A large-scale empirical study of practitioners' use of object-oriented concepts

Document type: Conference Papers
Peer reviewed: Yes
Author(s): Tony Gorschek, Ewan Tempero, Lefteris Angelis
Title: A large-scale empirical study of practitioners' use of object-oriented concepts
Conference name: 32nd ACM/IEEE International Conference on Software Engineering (ICSE’2010)
Year: 2010
Publisher: ACM/IEEE
City: Cape Town
URI/DOI: 10.1145/1806799.1806820
Organization: Blekinge Institute of Technology
Department: School of Computing (Sektionen för datavetenskap och kommunikation)
School of Computing S-371 79 Karlskrona
+46 455 38 50 00
Language: English
Abstract: We present the first results from a survey carried out over the second quarter of 2009 examining how theories in object-oriented design are understood and used by software developers. We collected 3785 responses from software developers world-wide, which we believe is the largest survey of its kind. We targeted the use of encapsulation, class size as measured by number of methods, and depth of a class in the inheritance hierarchy. We found that, while overall practitioners followed advice on encapsulation, there was some variation of adherence to it. For class size and depth there was substantially less agreement with expert advice. In addition, inconsistencies were found within the use and perception of object-oriented concepts within the investigated group of developers. The results of this survey has deep reaching consequences for both practitioners and researchers as they highlight and confirm central issues.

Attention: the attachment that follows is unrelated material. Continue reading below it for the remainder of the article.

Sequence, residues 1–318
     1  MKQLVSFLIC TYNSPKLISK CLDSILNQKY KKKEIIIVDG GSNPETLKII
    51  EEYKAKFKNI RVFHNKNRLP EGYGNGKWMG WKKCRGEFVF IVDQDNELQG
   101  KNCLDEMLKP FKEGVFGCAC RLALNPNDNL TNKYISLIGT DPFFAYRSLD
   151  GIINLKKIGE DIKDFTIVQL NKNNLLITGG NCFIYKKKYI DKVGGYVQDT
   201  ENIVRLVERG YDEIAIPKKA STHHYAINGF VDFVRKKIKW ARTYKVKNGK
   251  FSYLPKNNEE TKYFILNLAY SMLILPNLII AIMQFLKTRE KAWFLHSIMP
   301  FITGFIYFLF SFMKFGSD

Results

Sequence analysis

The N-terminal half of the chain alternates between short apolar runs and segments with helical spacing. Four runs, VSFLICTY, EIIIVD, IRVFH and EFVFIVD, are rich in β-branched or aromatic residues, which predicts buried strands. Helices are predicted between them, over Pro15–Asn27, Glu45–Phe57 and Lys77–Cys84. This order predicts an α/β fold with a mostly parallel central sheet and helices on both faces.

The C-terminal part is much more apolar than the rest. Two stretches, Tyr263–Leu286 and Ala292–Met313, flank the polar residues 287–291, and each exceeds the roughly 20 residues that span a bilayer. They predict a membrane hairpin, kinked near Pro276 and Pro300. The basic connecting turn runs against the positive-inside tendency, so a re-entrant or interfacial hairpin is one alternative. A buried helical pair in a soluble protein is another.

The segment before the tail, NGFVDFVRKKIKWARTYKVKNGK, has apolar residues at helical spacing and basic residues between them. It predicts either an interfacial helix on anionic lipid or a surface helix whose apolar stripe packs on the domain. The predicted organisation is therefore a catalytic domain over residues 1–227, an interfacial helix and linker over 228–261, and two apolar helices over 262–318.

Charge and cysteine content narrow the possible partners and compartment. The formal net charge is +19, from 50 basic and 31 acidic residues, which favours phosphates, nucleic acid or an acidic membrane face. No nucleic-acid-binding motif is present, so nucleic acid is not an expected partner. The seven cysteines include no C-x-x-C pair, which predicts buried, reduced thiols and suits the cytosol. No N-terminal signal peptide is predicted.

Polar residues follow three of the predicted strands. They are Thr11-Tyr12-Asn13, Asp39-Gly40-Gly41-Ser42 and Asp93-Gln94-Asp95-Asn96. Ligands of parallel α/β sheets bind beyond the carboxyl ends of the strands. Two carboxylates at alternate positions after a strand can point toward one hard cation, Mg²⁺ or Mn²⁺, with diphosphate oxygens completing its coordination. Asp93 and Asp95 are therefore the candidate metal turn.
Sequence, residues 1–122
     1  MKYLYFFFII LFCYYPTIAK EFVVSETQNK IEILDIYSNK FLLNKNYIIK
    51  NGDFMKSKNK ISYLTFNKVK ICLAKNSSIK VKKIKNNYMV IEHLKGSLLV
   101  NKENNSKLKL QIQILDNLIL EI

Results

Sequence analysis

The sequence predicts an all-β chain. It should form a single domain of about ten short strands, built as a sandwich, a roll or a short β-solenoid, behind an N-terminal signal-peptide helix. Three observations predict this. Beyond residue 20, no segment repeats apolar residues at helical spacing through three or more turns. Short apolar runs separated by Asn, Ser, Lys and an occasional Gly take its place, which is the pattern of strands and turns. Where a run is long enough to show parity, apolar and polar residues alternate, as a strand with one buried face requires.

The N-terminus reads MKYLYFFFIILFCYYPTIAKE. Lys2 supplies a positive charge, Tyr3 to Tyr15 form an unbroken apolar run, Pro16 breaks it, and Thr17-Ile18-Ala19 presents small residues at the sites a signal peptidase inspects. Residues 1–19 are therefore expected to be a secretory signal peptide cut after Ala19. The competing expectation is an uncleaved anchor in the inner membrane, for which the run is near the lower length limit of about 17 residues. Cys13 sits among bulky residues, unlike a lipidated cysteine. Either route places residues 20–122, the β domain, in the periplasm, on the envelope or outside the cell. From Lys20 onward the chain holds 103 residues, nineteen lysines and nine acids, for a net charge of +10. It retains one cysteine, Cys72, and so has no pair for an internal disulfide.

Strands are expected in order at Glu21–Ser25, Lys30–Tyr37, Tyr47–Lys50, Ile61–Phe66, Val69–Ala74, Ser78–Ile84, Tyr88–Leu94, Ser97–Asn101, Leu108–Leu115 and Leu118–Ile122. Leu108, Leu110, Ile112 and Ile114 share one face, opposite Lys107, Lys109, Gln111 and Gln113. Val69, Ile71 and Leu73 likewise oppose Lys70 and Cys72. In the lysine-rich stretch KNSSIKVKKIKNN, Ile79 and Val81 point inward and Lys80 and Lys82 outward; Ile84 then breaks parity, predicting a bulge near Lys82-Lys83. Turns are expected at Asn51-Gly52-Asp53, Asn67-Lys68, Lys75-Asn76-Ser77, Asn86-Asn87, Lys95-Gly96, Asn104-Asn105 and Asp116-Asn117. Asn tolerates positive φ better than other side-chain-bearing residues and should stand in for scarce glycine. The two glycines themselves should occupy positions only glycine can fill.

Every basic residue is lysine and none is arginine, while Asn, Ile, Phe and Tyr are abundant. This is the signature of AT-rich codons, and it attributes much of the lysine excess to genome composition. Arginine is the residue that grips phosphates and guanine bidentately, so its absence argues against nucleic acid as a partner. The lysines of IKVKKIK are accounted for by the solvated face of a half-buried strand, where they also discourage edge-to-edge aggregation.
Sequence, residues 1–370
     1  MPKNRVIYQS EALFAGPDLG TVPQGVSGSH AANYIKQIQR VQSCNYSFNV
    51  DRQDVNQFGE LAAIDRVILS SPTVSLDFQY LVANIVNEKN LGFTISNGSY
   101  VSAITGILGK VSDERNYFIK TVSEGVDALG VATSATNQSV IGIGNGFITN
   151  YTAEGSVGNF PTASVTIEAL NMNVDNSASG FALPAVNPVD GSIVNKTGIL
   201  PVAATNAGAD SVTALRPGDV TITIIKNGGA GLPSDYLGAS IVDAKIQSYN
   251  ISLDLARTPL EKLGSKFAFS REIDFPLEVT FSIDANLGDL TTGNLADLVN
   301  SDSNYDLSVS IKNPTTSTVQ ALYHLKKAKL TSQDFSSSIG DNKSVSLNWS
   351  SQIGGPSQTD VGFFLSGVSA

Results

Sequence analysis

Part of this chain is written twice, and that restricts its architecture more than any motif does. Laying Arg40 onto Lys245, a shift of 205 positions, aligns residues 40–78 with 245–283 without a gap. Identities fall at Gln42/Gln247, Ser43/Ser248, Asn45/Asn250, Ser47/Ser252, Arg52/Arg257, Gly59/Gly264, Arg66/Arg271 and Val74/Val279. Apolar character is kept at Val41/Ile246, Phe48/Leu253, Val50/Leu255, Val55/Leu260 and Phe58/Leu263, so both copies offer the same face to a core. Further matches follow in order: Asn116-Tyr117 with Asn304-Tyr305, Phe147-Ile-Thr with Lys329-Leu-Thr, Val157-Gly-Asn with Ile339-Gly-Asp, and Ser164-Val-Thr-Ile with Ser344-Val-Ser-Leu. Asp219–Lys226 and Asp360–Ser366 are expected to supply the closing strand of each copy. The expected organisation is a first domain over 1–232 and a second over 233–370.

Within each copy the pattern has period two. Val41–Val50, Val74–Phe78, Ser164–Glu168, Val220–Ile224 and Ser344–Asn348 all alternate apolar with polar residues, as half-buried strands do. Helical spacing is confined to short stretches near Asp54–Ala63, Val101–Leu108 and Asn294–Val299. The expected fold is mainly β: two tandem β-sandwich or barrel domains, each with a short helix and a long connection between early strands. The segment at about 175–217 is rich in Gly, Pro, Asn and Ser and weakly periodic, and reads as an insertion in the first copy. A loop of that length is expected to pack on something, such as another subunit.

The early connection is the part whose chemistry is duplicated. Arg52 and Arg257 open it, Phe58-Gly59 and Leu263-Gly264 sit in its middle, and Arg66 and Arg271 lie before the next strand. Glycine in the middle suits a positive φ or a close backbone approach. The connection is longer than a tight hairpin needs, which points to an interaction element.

Subject: Software Engineering\General
Keywords: object oriented concepts, empricial, survey